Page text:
Last Day in Moshi

Today we filmed in the Hai District, still in the Moshi region. The drive was lengthy but beautiful; after receiving conflicting directions, we took the scenic route overlooking lush ravines of rainforrestry and even some babbling brooks. As usual, we were greeted by many hospitable villagers who waved to us as we drove past. Luckily our driver and guide Jemal was able to get us back on track, and eventually we reached our destination: the Hai District Water Supply Project center. We then met with our contact, Mr. Marandu, a water engineer who consults the project. Mr. Marandu was a joy to interview; he was extremely articulate and eloquent in English, and provided many excellent sound bytes for our documentary.

The issue of water contamination in general is central to much of what we are studying in terms of the effects of global warming on Mount Kilimanjaro. It was informative to learn about a project that is already in motion which has successfully provided purified water to the community for low rates. Funded by the German government, the Hai District Water Supply Project uses environmentally-savvy engineering tactics to provide water for human consumption (rather than irrigation purposes) for an enormous community; Mr. Marandu estimates that it will benefit 90,000 people by 2010. The project calls upon the community for help, which immediately reminded me of the COPE Project and how vital the element of the community is in African culture.

We were able to witness a meeting during which a new “Water Board” was elected, whose tasks include overseeing the education of youth in areas such as environmental conservation. Although global warming is an impending issue, Mr. Marandu stressed that the most detrimental issue working against a clean water supply is the illegal logging of trees. He poetically emphasized, “These trees were planted by our grandfathers, and some by God. Why should we steal them?” I was intrigued by what he had to say, and the immediate benefits of the clean water were obvious — the program has already erradicated the threats of water borne diseases such as typhoid and cholera in the area.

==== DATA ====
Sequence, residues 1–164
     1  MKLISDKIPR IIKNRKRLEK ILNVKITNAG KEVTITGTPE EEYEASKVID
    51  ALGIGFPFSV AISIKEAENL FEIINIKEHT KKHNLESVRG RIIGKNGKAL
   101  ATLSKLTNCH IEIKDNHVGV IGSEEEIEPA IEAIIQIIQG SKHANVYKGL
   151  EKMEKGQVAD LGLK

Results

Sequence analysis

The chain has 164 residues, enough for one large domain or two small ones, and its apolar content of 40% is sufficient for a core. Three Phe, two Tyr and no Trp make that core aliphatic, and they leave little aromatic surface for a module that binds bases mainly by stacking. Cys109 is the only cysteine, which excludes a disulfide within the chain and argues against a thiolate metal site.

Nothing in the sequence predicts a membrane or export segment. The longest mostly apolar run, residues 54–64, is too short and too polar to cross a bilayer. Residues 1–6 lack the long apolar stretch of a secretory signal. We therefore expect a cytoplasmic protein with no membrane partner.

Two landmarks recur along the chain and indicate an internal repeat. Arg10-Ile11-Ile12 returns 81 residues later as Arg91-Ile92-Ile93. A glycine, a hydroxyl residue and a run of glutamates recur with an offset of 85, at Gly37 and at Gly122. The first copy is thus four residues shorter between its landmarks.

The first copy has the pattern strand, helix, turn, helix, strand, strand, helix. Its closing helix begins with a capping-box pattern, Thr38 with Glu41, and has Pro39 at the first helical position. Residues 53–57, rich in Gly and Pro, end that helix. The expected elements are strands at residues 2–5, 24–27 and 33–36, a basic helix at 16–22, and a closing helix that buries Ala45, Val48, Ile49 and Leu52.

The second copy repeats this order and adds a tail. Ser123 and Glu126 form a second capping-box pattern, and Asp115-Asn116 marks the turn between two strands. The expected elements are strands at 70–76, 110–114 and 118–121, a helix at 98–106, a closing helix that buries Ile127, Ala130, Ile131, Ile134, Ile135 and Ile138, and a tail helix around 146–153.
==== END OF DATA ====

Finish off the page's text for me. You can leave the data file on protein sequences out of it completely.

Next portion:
Mr. Marandu then brought us to some of the project’s sites. We were able to view the main water pump, which is connected to a long pipe stretching for many kilometers which reaches either private homes, or a public pump for those who cannot afford a direct line of running water. The pump purifies the water with chlorine, and is maintained by technicians and overseen by a 24-hour guard. Although I don’t have an affinity for physics or the applied sciences, I was able to comprehend the ingenuity of the design; it economically uses no electricity or even solar power, but draws on the slope of the surrounding environment to keep pumping. The amount of work and thought that went in to such a cohesive project was evident as we ended our day’s work viewing a public pump and two huge water storage tanks.

We then headed back to the main city of Moshi, inspired by what we had just witnessed. Tonight we bid farewell to this interesting city, and begin the last phase of our trip in Dar es Salaam. -Gilli


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Students of the World, an organization conceived by college students and led by students, is devoted to spreading awareness about social justice issues through documentary work. In particular, we focus on non-governmental organizations affecting change in the international community.

Summer ’07

This June, the Columbia team will travel to Tanzania, where we will study two Africare-partnered organizations. The Community-Based Orphan Care, Protection and Empowerment (COPE) Project seeks to increase the community's ability to provide support and care for vulnerable children. The Kilimanjaro Landscape Conservation Partnership (KLCPP) aims to preserve both the communities of Kilimanjaro and its natural attributes.

Summer ’06

Last summer, the Columbia team - in its inaugural SOW trip - traveled with Brown to Ethiopia, where we studied the HIV/AIDS testing and treatment sites of the African Services Committee. For photographs from that trip, please click the "Photos" tab at the top of the page.

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